The SandMillers’ outing on 9 November was to the Dáil, by kind invitation of Eamon Ryan, Green Party. After a lovely lunch in the members’ restaurant and a pleasant chat, Eamon took us on an informative tour of the building, telling of its history and use today. Leinster House was designed in 1745 by Richard Cassels as a family home for the Earl of Kildare and his twenty-two children. It is claimed the house was the prototype for the White House in Washington DC.
Leinster House was sold to the RDS in the 1800s, and additions included an octagonal lecture theatre. In 1922 the new Irish Government purchased the house and the Dáil sits in the remodelled theatre. We sat in on Ministers’ Question Time for a while before moving on to observe a session of the Seanad in the saloon. This area requires a lot of repair and overhaul so over the next few years the Seanad will be moving to the National Museum. There was some discussion at lunch that a better location might be the old Parliament Building, now the Bank of Ireland, College Green.
Following a photo shoot in the original entrance hall and sight of the ministers’ offices, added in 2000, we bid goodbye to Eamon. As the division bells rang out, we left with our souvenir napkins.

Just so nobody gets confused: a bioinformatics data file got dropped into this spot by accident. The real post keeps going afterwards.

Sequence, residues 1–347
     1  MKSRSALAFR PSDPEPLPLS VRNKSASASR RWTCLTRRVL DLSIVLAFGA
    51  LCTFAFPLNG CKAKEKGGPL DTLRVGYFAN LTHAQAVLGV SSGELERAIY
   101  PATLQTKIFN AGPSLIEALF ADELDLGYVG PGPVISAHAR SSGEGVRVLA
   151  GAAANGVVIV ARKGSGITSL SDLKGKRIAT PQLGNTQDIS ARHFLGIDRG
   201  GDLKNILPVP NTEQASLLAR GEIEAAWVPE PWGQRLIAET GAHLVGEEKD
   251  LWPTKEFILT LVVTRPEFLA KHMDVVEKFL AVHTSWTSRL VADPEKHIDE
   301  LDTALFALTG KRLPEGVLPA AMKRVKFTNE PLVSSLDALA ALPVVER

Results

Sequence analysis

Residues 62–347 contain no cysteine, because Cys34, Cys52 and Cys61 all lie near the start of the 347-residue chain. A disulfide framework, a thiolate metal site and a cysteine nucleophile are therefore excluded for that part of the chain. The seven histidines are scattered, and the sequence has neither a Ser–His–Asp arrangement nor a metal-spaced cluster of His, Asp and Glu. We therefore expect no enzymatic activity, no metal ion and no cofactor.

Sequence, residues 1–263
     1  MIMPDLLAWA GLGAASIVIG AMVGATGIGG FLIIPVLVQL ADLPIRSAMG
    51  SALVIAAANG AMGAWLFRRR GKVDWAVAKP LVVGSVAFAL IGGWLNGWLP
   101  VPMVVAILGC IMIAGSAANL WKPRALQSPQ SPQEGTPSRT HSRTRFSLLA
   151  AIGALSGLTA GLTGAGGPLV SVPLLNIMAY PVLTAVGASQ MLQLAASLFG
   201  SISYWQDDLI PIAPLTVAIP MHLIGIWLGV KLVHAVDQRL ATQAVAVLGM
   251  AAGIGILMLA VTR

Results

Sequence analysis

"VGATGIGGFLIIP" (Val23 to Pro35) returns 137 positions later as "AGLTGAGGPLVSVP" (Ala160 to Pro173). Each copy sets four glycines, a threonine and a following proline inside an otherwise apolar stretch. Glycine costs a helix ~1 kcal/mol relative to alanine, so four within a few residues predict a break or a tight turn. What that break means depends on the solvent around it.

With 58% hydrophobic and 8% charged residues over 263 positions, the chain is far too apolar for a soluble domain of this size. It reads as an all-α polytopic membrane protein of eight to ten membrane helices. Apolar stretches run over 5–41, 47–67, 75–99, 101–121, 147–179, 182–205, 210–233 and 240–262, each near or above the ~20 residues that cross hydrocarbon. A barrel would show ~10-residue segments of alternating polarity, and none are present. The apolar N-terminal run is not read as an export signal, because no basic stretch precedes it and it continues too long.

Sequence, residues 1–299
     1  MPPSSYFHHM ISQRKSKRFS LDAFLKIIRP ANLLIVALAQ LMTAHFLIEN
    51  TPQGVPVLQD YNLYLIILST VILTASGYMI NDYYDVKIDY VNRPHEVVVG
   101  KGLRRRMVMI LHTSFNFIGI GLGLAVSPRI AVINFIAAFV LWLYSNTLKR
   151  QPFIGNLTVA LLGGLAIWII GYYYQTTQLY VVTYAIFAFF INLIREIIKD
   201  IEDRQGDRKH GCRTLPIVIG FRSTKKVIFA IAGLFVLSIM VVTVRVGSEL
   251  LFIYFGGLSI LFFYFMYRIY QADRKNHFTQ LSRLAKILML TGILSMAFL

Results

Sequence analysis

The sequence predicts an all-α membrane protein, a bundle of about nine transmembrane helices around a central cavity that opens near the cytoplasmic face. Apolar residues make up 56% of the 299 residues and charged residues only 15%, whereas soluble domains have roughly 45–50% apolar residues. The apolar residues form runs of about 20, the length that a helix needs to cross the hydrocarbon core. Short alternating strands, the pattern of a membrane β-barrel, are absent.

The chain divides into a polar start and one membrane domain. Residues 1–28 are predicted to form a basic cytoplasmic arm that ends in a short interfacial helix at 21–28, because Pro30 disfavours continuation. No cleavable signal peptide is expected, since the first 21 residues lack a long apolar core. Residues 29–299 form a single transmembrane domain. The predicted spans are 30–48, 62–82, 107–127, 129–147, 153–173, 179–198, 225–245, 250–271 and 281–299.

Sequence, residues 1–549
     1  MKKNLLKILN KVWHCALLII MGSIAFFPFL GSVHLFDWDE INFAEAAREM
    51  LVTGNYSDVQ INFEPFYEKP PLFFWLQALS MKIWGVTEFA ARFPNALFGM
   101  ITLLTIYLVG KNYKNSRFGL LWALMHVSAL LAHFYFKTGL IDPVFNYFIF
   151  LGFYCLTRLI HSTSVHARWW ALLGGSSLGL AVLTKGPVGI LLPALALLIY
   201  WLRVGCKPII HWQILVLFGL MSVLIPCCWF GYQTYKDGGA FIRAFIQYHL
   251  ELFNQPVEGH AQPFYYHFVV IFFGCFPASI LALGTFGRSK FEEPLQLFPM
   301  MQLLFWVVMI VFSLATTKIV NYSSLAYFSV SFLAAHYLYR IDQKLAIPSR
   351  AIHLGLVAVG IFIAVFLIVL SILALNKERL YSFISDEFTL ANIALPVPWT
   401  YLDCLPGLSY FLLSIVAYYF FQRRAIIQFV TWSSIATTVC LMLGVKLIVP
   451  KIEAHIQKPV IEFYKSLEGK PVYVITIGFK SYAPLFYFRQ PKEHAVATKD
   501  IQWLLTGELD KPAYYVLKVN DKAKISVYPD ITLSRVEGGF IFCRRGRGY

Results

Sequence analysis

The Sandmillers marked the 1916 Year of Commemoration with a presentation by Dave Swift on the uniforms and weapons of all the organizations that played a part in the 1916 Rebellion.
Dave brought along an impressive array of artefacts to illustrate his talk, some originals and some replicas. As we gingerly passed the guns around we were relieved to hear that they had been decommissioned. Karen Morton looked very fetching in her Countess Markievicz hat . (The brim was pinned up on one side to accommodate the gun barrel.)
The talk ended with an in-depth look at the printing of the Proclamation, noting the many typographical mistakes and acknowledging the great ingenuity of the printer working under such duress.
Dave, who had travelled from Galway that morning for the presentation, was delighted by the very receptive audience as were we by his obvious passion for his subject.
We wish all Sandmillers and their families a very Happy Christmas and a healthy and prosperous New Year.
Gloria Smythe and Irene Barber